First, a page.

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Fourth of July regains sparkle

The county ends its recent fireworks ban as much-needed rain reduces the fire danger.


© St. Petersburg Times, published June 20, 2000

INVERNESS -- The Fourth of July weekend as we know it is back on track, thanks to some much-needed rain and the efforts of local merchants.

County officials have ended the ban on the use of fireworks, saying recent rains have made it safer to shoot sparks into the sky.

The county's drought index was a desert-like 727 on an 800-point scale when the County Commission passed the fireworks ban June 6, but showers over the weekend brought the county's drought index down to 261, according to the Division of Forestry.

"The bottom line is, assuming we continue to have normal rainfall for this time of the year, we should be all right for the Fourth of July," County Administrator Gary Kuhl said.

A proposed fireworks ban within Inverness city limits, which the City Council is scheduled to consider today, is also no longer necessary, City Manager Frank DiGiovanni said.

"Of course, the decision is up to the council," he said. "But the conditions today are far different than they were a week ago (when DiGiovanni proposed the ban), and I don't know that we need to do this."

The fireworks ban that the Crystal River City Council tentatively passed last week has not taken effect. Still awaiting legal advice on the measure, Mayor Curtis Rich has not signed it. Crystal River officials are also holding out hope that their July 4 festival, complete with fireworks display, can go on as planned.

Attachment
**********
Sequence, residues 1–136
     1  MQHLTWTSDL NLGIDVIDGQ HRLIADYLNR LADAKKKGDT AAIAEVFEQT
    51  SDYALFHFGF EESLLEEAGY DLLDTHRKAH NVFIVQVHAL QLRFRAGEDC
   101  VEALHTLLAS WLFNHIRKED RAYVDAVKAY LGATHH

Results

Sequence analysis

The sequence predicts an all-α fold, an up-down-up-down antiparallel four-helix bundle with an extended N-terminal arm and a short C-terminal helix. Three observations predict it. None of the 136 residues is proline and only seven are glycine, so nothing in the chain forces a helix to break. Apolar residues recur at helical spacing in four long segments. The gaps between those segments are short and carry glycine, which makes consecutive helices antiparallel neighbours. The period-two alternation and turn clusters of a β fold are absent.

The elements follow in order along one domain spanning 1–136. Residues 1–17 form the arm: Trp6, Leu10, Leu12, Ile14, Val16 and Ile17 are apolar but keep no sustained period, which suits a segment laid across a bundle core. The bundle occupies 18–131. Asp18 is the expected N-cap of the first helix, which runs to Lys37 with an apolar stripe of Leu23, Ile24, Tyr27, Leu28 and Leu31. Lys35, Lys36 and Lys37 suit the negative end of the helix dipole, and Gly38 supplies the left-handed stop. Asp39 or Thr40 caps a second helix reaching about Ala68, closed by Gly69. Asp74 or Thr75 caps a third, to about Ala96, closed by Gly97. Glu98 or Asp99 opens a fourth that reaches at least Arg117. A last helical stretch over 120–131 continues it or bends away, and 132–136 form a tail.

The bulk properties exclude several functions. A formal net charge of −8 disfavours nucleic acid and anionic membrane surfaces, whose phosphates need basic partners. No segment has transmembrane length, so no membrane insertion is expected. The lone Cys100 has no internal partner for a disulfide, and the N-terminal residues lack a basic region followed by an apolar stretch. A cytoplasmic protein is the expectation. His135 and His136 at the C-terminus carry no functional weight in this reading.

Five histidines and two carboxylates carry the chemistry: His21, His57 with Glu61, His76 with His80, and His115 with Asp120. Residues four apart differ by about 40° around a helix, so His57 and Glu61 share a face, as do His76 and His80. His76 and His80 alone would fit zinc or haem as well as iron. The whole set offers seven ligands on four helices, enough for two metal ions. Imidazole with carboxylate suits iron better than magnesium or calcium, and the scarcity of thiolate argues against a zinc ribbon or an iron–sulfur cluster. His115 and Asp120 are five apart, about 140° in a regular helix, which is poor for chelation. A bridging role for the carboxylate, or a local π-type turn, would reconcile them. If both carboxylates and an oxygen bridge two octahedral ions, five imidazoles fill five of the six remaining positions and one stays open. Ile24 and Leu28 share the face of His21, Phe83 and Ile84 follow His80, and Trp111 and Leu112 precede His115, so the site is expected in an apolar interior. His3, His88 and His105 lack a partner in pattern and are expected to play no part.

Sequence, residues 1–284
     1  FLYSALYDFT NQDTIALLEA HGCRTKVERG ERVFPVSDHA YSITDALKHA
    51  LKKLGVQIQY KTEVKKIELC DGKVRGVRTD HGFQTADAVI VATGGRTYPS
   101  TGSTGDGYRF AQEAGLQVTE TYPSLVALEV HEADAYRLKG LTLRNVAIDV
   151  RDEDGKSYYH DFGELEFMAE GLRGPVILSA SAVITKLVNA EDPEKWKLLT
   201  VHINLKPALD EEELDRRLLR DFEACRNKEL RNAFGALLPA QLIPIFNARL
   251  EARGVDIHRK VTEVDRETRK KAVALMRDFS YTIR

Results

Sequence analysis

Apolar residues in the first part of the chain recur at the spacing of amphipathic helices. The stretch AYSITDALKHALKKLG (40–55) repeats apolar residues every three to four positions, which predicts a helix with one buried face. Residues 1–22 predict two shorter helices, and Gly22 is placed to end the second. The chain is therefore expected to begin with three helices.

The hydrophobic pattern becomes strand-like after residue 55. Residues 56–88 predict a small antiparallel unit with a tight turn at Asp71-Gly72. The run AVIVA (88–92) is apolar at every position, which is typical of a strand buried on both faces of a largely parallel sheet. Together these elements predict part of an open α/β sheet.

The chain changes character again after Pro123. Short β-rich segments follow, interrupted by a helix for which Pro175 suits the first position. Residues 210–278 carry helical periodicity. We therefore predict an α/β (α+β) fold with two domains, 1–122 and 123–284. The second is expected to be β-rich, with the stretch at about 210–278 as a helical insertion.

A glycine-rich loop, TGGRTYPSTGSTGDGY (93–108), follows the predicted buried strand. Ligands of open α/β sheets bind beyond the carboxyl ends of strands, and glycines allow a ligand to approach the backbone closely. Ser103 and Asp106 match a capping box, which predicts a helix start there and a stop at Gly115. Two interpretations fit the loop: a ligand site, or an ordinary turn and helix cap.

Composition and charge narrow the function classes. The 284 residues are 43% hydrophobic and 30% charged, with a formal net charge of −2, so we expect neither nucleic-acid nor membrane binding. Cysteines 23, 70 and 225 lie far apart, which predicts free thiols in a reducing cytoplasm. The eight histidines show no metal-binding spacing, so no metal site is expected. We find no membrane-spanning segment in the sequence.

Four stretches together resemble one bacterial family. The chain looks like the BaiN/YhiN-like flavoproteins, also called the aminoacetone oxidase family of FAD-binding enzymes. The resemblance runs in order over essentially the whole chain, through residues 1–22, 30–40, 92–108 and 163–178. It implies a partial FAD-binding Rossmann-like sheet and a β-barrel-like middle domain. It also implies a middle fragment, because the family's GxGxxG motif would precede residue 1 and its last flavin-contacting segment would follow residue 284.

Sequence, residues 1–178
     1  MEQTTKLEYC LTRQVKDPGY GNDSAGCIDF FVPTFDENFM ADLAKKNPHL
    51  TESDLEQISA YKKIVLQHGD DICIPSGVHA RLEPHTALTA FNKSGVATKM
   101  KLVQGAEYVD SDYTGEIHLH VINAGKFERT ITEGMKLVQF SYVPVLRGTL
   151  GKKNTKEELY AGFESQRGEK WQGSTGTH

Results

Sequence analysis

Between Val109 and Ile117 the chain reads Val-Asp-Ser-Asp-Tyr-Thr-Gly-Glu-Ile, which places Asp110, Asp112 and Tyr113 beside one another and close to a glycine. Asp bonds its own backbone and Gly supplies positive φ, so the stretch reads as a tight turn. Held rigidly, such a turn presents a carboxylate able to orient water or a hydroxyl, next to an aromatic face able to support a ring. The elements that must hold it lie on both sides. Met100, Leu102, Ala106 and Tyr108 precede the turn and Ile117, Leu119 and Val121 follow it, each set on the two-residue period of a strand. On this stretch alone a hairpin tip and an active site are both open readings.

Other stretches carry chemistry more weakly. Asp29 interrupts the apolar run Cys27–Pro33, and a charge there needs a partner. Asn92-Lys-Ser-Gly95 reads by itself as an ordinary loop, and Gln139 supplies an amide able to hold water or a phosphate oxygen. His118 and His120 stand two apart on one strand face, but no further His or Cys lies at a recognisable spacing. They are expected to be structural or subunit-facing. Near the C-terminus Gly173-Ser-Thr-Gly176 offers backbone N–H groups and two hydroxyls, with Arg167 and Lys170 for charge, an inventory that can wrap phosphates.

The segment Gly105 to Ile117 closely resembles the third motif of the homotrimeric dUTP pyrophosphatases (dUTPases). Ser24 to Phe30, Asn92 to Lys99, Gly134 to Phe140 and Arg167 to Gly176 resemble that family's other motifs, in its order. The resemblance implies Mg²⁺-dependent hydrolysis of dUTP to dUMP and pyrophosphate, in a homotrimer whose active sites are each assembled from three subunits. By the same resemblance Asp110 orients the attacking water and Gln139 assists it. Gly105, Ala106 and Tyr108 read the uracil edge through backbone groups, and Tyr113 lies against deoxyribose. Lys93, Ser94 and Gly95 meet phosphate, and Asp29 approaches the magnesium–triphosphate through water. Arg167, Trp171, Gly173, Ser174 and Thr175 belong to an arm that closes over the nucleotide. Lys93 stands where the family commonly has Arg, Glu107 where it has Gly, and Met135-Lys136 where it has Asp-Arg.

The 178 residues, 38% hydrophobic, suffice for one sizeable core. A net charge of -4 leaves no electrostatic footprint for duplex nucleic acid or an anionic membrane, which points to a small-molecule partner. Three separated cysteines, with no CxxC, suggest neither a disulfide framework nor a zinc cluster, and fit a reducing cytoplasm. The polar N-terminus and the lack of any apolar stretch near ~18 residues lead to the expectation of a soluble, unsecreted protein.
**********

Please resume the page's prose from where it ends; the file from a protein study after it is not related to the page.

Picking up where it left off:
DiGiovanni said it is too late for Inverness city officials to resurrect the July 3 Patriotic Evening, an event that was canceled several weeks ago because officials feared it would be too dangerous to launch the fireworks display in bone-dry conditions.

But the New Inverness Olde Towne Association is putting together another festival that will have everything but the fireworks, association president Winston Perry said.

The Courthouse Square's Uncle Sam Jam 2000 Celebration, which will run from 5 to 11 p.m. July 3, will feature a children's bike parade, patriotic face- and nail-painting, watermelon eating contests, a live broadcast from the 102.7 FM Fun Oldies radio station, sidewalk sales outside the downtown shops, and a program of songs and speeches about Independence Day.

The non-profit groups that normally sell food at the Patriotic Evening will be on hand for this event to sell hot dogs, ice cream, popcorn, lemonade and more, Perry said.

Perry said he hopes the event will draw thousands of people into the downtown area around the historic courthouse.

"The city did the right thing (by canceling the Patriotic Evening) because of the fire potential, but they decided to cancel everything," Perry said. "We felt this was an opportunity for the New Inverness Olde Towne Association to give something back to the community, and give people a reason to come downtown and enjoy some good food and good music."

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